Sony's Bravia-Drome zoetrope unveiled

Sony's ambitious new advert features the Bravia-Drome
Sony's ambitious new advert features the Bravia-Drome

In order to create a bit of 'wow' factor for its latest Bravia advert, Sony has developed one of the biggest-ever zoetropes in Italy.

Dubbed the Bravia-Drome, the company is utilising 100-year-old technology to show off its latest motion tech – Motionflow 200Hz.

For those not familiar with what a zoetrope is, it's a spinning device that creates the illusion of movement out of static pictures – essentially movies before the movies were invented.

Sony's Bravia-Drome has some impressive stats. The Drome is 10m in diameter, can reach speeds of 50kph, and it took six weeks to build from scratch.

World in Motionflow

The advert is currently shooting in Turin, with some big-name football players showing off their skills, including IFA World Player of the Year Kaká. Still images of him will be placed in the Drome, to give the effect of him playing.

Motionflow 200Hz is Sony's new TV tech that apparently eliminates all jerkiness from pictures and makes fast-moving action sequences in movies much clearer and smoother.

Giles Morrison, General Manager, Marketing Communications, Sony Europe, said about the project: "The BRAVIA-drome has been designed to explain the technology behind Motionflow in a way that makes it easy for anyone to understand.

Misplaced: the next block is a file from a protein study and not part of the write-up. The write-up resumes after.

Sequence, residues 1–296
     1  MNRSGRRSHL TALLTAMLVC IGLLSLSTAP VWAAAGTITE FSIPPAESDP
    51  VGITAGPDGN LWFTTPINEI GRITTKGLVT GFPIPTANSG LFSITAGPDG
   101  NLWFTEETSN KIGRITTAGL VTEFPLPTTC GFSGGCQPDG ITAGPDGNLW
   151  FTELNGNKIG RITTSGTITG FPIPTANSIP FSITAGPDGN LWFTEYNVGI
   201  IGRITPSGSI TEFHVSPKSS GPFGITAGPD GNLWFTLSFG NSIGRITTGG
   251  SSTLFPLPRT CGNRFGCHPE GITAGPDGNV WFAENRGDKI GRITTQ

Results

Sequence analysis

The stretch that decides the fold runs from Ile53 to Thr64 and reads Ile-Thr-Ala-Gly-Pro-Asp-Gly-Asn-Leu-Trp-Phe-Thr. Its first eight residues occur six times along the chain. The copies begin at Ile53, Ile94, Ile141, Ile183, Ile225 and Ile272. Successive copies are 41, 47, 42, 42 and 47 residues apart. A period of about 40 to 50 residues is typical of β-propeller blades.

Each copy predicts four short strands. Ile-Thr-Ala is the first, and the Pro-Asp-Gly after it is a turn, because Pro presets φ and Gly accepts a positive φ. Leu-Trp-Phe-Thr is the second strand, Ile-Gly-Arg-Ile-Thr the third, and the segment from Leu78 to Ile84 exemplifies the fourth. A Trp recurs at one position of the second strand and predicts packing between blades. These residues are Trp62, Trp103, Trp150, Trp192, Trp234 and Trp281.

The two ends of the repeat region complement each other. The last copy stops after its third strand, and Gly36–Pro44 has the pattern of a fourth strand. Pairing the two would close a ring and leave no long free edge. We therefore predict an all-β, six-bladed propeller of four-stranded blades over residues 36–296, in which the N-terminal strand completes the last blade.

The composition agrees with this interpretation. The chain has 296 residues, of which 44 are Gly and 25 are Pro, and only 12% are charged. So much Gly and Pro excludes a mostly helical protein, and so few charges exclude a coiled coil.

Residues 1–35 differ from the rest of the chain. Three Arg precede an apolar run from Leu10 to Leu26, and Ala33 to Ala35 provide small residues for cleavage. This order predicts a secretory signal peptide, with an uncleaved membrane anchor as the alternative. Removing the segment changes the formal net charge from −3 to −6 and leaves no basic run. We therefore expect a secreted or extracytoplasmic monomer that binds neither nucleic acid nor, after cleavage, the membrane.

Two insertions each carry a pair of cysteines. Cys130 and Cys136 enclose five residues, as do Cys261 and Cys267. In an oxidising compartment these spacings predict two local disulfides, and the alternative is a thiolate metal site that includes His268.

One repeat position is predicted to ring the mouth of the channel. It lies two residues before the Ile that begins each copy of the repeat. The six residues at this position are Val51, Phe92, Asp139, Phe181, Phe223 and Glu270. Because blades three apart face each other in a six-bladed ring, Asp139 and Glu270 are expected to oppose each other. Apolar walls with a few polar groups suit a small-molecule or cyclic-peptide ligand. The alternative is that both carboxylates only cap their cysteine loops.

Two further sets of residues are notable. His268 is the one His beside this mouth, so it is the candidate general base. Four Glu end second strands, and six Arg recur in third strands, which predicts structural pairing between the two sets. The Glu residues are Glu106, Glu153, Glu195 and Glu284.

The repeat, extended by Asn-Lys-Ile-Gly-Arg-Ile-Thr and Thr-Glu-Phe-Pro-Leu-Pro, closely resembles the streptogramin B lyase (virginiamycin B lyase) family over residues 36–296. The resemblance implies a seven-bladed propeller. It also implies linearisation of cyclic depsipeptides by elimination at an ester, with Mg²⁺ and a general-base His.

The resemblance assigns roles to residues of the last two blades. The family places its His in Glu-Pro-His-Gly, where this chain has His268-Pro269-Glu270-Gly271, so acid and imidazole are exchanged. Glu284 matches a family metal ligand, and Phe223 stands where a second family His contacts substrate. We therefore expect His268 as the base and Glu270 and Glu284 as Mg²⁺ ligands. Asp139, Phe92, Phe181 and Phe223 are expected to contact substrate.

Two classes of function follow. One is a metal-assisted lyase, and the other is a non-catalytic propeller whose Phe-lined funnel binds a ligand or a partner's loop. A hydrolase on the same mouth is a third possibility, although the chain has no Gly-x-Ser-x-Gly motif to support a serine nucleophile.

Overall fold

"As we have proved with previous campaigns, including 'Balls', 'Paint' and 'Play-doh', simple ideas effectively executed can be immensely powerful.

"This is about delivering a truly spectacular experience that people can believe in. The choice of Kaka was an easy one, as not only does he have that superstar quality but football is an ideal way to show our customers the full effect of Motionflow 200Hz."

Marc Chacksfield

Marc Chacksfield is the Editor In Chief, at DC Thomson. He started out life as a movie writer for numerous (now defunct) magazines and soon found himself online - editing a gaggle of gadget sites, including TechRadar, Digital Camera World and Tom's Guide UK. At Shortlist you'll find him mostly writing about movies and tech, so no change there then.